In Photos: 1,800-Year-Old Roman Battle Site
Burnswark Hill in the Dumfreisshire region of south-western Scotland is thought to have been the site of an assault by Roman legions in the second Century A.D., against native tribespeople defending the hilltop fort.
Today the site comprises the remains of the hill fort and two Roman military camps, one on each side of the hilltop.
Archaeologists think the camps were used by the Roman forces to stage an "all-out attack" on the defenders, as a punishment for their resistance to Roman rule.
This image shows Burnswark Hill from the north, with one of the Roman camps visible on the slopes. [Read the full story on the sling bullets]
Among the finds by archaeologists at the Burnswark Hill battle site are large acorn-shaped and lemon-shaped Roman sling bullets cast from lead, shown at the top and center of this image.
The largest are about 1.2 inches (3 centimeters) long and weigh about 1 ounce (30 grams).But about 20 percent of the Roman sling bullets found at Burnswark Hill are smaller and have been drilled with a 0.2 inch (5mm) hole, including the two bullets at the bottom of this image.
John Reid, an archaeologist with the Trimontium Trust who has studied the unusual sling bullets, believes they were designed to make a noise in flight to keep enemy heads down. [Read the full story on the sling bullets]
Excavating in Scotland
The Trimontium Trust is directing a year-long archaeological investigation of Burnswark Hill in partnership with the Dumfries and Galloway Museums Service.
As well as making a detailed geophysical survey of the site, the researchers have used sensitive metal detectors to identify buried deposits of particular metals — such as the lead used in Roman sling bullets — without disturbing the ground. [Read the full story on the sling bullets]
Burnswark Hill site is littered with the remains of the Roman battle against the native defenders in the hilltop fort. Among the finds are ammunition from Roman artillery weapons, such as this stone ball which may have been fired from a ballista, or military catapult.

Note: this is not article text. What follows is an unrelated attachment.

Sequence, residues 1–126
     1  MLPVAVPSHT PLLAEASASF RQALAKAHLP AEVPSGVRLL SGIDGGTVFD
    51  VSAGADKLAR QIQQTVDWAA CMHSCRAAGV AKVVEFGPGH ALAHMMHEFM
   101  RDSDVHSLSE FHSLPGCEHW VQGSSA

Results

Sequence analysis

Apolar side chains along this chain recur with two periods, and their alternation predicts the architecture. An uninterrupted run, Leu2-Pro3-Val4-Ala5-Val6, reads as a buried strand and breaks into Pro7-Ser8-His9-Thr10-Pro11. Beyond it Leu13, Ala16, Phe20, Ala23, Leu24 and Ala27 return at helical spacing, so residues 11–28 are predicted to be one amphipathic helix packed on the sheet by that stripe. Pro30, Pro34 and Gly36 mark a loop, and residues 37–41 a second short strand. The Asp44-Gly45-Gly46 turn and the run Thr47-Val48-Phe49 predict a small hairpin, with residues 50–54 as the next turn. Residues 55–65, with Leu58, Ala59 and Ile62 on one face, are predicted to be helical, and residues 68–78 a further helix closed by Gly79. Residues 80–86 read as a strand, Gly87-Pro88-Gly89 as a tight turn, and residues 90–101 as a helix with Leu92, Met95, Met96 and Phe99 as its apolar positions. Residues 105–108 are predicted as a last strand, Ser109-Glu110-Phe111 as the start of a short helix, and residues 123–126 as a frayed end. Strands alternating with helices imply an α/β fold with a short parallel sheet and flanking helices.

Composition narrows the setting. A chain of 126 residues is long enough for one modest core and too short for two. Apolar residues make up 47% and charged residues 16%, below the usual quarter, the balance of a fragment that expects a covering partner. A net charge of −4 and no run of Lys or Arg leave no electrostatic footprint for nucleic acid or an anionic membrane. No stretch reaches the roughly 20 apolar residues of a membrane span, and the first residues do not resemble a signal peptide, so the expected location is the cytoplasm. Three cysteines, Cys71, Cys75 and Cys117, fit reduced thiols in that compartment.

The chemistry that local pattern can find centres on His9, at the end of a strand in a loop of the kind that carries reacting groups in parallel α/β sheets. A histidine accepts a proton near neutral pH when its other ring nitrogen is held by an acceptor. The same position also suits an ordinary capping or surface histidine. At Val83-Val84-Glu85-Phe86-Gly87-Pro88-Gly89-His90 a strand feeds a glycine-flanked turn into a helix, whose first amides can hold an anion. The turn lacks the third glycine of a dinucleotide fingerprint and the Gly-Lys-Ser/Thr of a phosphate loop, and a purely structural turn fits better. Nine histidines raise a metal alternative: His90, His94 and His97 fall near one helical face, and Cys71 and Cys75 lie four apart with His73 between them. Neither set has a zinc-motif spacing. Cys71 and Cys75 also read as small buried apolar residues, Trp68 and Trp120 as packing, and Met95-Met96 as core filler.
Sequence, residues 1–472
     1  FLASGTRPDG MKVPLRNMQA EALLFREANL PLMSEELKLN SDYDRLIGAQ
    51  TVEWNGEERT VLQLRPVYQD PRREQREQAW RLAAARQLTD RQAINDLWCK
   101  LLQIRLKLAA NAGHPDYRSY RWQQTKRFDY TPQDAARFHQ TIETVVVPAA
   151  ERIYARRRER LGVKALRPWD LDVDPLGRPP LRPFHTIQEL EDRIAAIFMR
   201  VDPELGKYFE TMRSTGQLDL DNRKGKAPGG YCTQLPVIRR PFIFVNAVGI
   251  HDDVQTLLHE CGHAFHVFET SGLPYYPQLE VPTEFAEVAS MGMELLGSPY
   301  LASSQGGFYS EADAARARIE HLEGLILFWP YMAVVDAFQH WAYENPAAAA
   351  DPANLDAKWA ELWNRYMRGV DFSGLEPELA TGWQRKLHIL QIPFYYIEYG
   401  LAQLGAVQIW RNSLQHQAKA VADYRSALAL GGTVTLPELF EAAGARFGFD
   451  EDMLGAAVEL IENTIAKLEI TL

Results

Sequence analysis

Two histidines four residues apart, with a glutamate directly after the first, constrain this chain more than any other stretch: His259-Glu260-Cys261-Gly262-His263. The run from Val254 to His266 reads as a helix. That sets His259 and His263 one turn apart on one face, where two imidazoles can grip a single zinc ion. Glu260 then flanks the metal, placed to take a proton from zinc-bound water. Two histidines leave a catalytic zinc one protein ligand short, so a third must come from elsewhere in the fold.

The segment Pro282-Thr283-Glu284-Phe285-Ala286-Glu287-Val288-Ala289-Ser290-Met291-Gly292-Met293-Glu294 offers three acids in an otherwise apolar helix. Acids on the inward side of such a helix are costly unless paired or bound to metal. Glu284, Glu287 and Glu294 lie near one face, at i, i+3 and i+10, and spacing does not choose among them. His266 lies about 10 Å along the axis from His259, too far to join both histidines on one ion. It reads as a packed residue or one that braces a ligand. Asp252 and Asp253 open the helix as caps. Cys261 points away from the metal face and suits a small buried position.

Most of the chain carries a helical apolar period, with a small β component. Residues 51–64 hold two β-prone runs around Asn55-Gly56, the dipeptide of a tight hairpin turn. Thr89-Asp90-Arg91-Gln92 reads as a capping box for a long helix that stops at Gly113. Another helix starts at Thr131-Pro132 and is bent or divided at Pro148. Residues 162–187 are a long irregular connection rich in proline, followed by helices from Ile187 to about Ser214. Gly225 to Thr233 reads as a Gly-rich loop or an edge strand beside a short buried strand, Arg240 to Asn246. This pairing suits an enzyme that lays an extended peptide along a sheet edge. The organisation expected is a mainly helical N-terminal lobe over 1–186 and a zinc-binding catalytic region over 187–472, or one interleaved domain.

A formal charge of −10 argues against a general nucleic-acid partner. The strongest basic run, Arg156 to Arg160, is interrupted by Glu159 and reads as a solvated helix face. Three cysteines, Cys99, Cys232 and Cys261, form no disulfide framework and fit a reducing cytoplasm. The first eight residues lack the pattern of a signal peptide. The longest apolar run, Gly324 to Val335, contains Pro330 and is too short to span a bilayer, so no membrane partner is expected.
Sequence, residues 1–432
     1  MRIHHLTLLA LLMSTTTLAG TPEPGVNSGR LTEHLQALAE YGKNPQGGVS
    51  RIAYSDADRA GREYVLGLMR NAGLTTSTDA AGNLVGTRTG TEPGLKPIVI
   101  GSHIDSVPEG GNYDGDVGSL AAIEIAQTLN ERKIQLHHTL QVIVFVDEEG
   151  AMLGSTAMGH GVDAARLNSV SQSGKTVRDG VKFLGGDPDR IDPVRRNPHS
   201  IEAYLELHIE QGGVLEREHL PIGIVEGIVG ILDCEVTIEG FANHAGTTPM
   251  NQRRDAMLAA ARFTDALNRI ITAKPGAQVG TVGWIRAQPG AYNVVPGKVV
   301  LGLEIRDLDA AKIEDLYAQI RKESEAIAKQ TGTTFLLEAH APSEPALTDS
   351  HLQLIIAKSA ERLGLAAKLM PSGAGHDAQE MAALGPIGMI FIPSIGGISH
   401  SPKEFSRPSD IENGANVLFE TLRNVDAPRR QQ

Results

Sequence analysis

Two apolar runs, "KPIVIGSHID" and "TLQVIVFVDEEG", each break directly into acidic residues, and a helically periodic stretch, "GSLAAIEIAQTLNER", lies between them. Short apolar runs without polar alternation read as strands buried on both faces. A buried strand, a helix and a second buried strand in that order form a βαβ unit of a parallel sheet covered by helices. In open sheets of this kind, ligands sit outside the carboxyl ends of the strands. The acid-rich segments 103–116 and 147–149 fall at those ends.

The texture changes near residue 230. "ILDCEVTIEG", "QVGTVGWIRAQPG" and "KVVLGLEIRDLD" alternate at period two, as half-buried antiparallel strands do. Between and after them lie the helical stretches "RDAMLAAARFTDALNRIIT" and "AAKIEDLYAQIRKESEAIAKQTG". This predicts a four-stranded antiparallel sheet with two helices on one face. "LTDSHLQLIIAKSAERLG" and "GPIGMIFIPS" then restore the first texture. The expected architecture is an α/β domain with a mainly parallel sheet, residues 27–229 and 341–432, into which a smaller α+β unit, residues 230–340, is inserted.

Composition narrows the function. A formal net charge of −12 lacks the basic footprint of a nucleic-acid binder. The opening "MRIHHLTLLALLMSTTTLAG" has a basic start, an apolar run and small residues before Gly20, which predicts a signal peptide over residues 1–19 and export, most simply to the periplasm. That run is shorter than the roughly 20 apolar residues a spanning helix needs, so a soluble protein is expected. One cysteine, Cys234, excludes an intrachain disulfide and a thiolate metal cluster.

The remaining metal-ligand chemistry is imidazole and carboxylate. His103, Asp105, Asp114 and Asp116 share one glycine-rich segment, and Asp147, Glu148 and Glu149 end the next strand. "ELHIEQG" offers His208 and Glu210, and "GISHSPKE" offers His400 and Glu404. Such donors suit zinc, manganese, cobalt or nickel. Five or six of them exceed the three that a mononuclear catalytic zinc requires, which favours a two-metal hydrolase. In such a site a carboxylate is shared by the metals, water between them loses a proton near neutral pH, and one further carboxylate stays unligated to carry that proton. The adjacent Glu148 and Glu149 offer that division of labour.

The researchers say the large quantities of Roman ammunition found at Burnswark Hill indicates that they wanted to inflict a crushing victory over the defenders that would send a message to other rebellious tribespeople. [Read the full story on the sling bullets]
This image shows a replica Roman Scorpio (Scorpian) crossbow, one type of small artillery weapon used by Roman forces.
It used torsion springs made from twisted rope to shoot iron-tipped bolts at ranges up to 400 yards (400 meters), and it could fire up to four bolts a minute. Early Roman legions were equipped with a contingent of 60 Scorpios that could fire a combined 240 bolts per minute at the enemy.
As well as conventional excavations at Burnswark Hill, the year-long research project includes opportunities for members of the public to volunteer to work with archaeologists as they explore the site. The researchers have also given public lectures about their finds, and local museums have hosted interactive exhibitions about the project.
In this image, a reenactor named Quintus shows pieces of Roman pottery to visitors at an Open Day at the Burnswark Hill site.
Slings have been used since at least Neolithic times as a hunting weapon, and as a weapon of war for thousands of years.
Images of military slingers are found in several ancient carvings, including this wall fragment on display at the British Museum from the Neo-Assyrian city of Nineveh, located in what is now Iraq. Dated from the beginning of the seventh century B.C., it shows Assyrian slingers in action at a siege of the Israelite city of Lachish in 710 B.C.
Slings were also a widely used weapon of war in ancient Greece, where the tradition developed of inscribing sling bullets with insulting messages. This sling bullet from the fourth century B.C., found at Athens, shows the Greek word ΔΕΞΑΙ ("dexai") in high relief, which means "Take This."
Later Roman sling bullets were often inscribed with slogans that invoked the names of commanding generals, including "For Pompey!" and "Victory for Caesar!"
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Tom Metcalfe is a freelance journalist and regular Live Science contributor who is based in London in the United Kingdom. Tom writes mainly about science, space, archaeology, the Earth and the oceans. He has also written for the BBC, NBC News, National Geographic, Scientific American, Air & Space, and many others.
By Kiley Price